A flat thunk consists of a pair of dlls (one 32bit and one 16bit) that are used to translate calls from 32bit code to 16bit code. To allow the two dlls to communicate, some intermediate code must be used to translate memory addresses (pointers) between platforms. If you have any past experience with 16bit process memory calls, you may recall that they consist of a pointer to a memory segment and the offset into that memory segment. This is different than a 32bit process memory pointer which consists of an absolute address to the memory being accessed. So, the problem, in a nutshell, is translating segment + offset pointers into absolute addresses. Since VB programmers don't usually need to worry about things like memory pointers, you might be saying, "So what? Why is this a problem?" The problem is that ALL software is ultimately based on memory pointers. It is the IDE and the programming language that hide these ugly details from us but when you get right down to it, every variable, function, sub and etc... that you write (in any language) consists of an address in memory. Now, imagine a 16bit dll being loaded into a 32bit process where none of the memory addresses match up on either side of the function calls. It just plain can't be done without proper translation.
The process of providing a 32bit to 16bit thunking layer begins with the creation of a 16bit dll written in the "C" programming language. The 16bit dll used in this project was written and compiled using VC++ 1.52 (I knew there was a good reason why I didn't trash that old 16bit CD!). This dll consists of wrappers for all of the 16bit functions that you wish to call from your 32bit code. This 16bit dll will handle loading and calling all of the code in the target 16bit library. Once the 16bit wrapper functions are written, a thunk script must be written. This thunk script describes, in detail, the function calls in the 16bit thunking layer dll with information about which parameters are for input and which are for output. The thunk script is then compiled using the thunk compiler (THUNK.EXE) available in the Win32 SDK2.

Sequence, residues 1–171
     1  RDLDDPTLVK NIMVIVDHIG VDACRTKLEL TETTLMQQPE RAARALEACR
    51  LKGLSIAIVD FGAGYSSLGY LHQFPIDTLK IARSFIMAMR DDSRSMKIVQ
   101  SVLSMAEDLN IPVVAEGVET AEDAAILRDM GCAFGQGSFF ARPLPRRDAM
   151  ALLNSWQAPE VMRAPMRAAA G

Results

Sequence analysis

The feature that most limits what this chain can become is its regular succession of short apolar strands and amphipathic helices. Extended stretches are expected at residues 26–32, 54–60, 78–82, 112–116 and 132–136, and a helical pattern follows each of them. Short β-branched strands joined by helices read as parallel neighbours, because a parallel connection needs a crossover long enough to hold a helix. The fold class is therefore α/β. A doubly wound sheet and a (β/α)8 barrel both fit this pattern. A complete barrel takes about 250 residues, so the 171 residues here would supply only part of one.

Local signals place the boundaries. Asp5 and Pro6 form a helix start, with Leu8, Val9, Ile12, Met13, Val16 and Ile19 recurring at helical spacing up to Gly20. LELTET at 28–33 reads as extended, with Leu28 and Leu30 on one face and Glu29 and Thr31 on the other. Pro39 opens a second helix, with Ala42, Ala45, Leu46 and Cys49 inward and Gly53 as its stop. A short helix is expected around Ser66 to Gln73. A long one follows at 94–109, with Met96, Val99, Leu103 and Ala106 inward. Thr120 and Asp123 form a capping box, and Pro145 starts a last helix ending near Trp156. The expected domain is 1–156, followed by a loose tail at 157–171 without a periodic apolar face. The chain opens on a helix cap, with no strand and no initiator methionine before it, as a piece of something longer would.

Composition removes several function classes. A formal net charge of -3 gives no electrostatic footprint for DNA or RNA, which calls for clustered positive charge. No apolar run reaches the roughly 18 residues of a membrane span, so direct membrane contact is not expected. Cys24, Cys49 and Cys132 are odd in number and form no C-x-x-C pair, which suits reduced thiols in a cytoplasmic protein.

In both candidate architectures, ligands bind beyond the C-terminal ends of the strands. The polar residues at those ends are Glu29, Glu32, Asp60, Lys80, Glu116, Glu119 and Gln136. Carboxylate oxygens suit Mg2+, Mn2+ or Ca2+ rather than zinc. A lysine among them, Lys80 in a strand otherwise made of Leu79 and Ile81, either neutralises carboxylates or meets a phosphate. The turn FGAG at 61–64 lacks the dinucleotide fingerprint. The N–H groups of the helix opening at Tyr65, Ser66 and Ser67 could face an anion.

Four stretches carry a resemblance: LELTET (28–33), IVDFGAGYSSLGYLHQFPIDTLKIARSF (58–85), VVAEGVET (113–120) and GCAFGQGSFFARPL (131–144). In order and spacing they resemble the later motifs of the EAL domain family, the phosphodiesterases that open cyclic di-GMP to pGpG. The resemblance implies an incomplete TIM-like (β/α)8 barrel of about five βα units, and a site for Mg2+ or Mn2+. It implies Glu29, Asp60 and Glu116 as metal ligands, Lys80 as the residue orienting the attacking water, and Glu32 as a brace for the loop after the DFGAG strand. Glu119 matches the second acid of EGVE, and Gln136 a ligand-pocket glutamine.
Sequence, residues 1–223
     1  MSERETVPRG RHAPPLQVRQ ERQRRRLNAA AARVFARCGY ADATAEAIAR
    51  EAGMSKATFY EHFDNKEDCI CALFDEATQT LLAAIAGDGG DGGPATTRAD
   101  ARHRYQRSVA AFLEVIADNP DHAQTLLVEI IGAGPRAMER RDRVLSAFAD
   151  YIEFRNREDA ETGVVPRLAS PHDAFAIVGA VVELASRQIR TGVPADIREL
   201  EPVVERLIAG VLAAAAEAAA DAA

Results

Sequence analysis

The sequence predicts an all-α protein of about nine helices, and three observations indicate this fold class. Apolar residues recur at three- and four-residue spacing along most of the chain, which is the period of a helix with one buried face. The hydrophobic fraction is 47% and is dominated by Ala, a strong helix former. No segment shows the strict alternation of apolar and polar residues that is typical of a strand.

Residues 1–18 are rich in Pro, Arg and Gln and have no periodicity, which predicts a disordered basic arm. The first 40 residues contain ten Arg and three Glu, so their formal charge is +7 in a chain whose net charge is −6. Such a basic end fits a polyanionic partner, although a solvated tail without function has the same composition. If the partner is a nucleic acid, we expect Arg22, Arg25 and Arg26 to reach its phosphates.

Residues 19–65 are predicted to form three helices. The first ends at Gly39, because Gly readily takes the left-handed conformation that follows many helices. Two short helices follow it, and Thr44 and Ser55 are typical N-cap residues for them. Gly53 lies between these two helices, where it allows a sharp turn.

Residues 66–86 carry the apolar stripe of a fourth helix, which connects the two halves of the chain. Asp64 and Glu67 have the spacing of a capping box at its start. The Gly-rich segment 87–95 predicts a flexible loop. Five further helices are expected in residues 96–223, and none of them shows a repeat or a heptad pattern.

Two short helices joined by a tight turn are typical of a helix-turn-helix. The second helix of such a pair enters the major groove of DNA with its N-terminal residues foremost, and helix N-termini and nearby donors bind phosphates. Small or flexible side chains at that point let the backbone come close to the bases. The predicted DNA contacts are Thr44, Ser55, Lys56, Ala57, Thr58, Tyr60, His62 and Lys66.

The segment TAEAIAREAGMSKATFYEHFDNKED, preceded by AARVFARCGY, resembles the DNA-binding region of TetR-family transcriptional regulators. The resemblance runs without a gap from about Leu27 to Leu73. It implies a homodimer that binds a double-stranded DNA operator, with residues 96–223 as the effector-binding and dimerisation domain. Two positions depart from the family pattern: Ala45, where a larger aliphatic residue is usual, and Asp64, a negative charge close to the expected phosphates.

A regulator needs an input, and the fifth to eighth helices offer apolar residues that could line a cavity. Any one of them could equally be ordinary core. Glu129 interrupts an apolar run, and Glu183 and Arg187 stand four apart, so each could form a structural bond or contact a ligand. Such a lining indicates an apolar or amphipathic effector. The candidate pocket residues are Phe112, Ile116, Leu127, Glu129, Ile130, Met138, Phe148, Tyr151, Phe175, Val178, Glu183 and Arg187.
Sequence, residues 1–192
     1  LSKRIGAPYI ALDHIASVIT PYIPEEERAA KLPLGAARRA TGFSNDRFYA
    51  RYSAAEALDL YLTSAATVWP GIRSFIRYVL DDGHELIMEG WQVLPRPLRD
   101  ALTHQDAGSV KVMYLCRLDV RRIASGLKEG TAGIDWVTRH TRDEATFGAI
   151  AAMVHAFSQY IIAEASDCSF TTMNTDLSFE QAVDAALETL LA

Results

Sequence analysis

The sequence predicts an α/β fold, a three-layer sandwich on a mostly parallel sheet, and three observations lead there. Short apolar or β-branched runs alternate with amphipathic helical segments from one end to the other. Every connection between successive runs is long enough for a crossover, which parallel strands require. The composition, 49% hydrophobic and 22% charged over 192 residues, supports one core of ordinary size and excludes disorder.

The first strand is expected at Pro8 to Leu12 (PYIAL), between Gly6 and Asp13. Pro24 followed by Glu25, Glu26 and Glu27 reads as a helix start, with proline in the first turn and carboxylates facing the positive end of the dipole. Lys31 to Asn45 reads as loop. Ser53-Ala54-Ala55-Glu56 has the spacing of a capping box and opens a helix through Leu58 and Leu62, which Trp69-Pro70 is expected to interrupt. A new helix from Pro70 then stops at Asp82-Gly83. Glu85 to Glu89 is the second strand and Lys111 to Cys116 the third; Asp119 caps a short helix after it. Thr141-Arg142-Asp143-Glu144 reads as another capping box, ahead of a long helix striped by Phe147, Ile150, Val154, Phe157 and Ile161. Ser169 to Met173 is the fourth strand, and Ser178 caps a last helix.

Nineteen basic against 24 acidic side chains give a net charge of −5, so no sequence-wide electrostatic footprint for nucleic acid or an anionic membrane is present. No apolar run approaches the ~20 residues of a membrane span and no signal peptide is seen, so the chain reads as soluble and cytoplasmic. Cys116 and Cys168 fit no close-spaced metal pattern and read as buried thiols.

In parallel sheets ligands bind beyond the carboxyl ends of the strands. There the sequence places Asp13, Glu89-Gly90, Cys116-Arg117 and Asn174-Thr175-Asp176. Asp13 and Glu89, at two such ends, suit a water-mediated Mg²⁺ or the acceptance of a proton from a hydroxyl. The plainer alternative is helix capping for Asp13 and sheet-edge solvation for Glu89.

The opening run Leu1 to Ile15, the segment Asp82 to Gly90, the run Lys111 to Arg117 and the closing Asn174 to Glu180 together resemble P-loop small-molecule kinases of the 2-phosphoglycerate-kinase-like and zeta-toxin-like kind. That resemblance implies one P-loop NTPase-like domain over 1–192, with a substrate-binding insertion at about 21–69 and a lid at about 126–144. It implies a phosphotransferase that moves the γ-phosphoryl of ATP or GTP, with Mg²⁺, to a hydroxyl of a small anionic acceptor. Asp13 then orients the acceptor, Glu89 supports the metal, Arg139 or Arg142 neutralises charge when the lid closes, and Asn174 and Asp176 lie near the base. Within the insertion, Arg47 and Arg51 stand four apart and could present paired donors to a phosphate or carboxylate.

Does this sound confusing yet? If not, hang on because we've only scratched the surface! <g>
The thunk compiler, in turn, generates an ASM (Assembly Language) file containing all of the code needed to implement the thunking layer. This ASM code is compiled into two separate object (.obj) files, one for the 16bit thunking layer dll and one for the 32bit thunking layer dll. The MASM compiler (ML.EXE), also available in the Win32 SDK2, is used to compile this ASM code. The command line switches used to compile each of the object files are listed in the thunk script file (.thk) included in the project source code for this article. The two object files will be linked into their respective dlls in the linking stage of the compilation process.